This time it is Amazon enabling ARM Lambda functions on their famous serverless platform.
→ We dived deeper into Serverless computing, its promise vs reality
Let’s also treat this event as an important reminder for all of us about the multi-architecture future of business applications. It is still neglected in the majority of projects, but there’s a new option to switch/add ARM support and there will also be others soon.
Nice move towards greener computing. Of course, we also know there’s an economic reason behind it so I shed no tears of emotion, but maybe next time. Thanks nevertheless.
Windows 11 UX controversies
After the surprising announcement (Windows 10 was supposed to be the last version) of an update and the miscommunication about which hardware is going to be supported, now we are very close to the first public release of Windows 11.
Windows 11 looks beautiful . . . the visual clues from MacOS Big Sur, rounded corners, etc. all make it look very modern and fresh.
The dark side of the release is the amount and significance of … removed features. A highly advertised continuity feature called “timeline” has now disappeared, for example.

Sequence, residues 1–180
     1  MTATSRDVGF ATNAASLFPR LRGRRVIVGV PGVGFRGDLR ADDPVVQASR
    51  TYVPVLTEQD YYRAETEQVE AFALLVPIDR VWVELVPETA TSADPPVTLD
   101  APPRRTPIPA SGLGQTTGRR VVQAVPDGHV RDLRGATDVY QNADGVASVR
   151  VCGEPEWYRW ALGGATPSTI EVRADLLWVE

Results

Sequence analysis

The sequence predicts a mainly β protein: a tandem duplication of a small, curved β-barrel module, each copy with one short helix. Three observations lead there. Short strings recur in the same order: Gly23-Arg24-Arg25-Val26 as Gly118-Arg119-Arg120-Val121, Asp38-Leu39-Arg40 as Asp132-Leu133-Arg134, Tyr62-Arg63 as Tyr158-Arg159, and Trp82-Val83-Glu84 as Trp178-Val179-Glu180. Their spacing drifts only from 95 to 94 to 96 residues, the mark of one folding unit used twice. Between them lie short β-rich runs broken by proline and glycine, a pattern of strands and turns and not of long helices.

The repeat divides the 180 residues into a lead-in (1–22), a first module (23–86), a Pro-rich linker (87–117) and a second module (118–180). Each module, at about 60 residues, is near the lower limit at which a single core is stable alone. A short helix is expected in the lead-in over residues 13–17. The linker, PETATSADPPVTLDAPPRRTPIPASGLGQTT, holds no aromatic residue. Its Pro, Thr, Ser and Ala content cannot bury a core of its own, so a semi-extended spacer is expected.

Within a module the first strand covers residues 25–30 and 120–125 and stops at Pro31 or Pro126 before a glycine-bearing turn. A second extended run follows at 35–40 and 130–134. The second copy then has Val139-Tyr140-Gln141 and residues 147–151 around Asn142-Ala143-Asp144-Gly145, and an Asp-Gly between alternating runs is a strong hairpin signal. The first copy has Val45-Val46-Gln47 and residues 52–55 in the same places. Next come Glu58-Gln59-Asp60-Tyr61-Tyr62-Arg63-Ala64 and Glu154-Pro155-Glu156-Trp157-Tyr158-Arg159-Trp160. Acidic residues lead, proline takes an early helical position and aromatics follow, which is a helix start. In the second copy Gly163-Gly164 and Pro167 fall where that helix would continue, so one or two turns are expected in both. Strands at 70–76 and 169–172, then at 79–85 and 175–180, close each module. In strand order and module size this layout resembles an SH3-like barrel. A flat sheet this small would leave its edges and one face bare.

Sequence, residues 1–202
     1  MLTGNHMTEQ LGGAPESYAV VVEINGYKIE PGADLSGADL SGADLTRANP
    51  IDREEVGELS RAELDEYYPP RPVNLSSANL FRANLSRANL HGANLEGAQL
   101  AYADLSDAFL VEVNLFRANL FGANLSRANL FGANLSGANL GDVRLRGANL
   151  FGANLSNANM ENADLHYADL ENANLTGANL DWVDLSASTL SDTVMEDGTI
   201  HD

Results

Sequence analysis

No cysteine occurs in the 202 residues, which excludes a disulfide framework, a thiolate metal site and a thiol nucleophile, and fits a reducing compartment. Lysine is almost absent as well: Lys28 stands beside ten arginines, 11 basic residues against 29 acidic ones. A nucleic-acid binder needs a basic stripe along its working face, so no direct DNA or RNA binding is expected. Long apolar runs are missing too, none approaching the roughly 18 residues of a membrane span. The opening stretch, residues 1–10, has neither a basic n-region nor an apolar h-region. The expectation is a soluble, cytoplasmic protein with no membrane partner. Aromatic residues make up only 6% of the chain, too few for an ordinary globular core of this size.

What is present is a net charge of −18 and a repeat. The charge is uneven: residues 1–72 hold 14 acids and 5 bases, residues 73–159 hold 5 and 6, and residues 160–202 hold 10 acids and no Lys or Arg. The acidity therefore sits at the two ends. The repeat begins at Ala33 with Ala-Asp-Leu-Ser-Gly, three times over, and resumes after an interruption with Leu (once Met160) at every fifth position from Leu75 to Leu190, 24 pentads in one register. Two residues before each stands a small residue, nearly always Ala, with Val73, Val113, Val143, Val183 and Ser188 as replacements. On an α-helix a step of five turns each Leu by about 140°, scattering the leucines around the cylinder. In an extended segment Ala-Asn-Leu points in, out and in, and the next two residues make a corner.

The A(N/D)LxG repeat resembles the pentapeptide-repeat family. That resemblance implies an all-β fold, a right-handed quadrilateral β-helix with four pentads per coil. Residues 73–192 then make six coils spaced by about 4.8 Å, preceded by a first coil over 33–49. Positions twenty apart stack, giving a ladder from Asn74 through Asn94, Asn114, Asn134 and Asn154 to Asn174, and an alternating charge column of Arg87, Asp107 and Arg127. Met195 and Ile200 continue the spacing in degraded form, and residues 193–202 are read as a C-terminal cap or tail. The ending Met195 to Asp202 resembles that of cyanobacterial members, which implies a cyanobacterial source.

Placing the start button at the bottom center raised some controversy, but most of the people thought “ok, that’s the default, but I will move it wherever I want it”, but no, they won’t be able to do that (the only option is to move it to the bottom left).
Contrary to Ubuntu Linux, Google Chrome OS, Windows 10, Windows 7, and even MacOS (Apple is supposed to be the king in limiting customizability after all) . . . you cannot move the taskbar anymore to the left, top, or right of the screen. It always consumes precious vertical space now no matter if the user wants it or not.
Of course, the majority of users won’t probably care about it, but many will.
More than twenty thousand enraged users reported this as an issue using a feedback tool from Microsoft and demanded this feature be restored. There’s a lot of discussion about “why” and the main hypothesis is that Microsoft developers were unable to deliver it on time. The other is that one of their UX experts lost contact with the reality of the power users.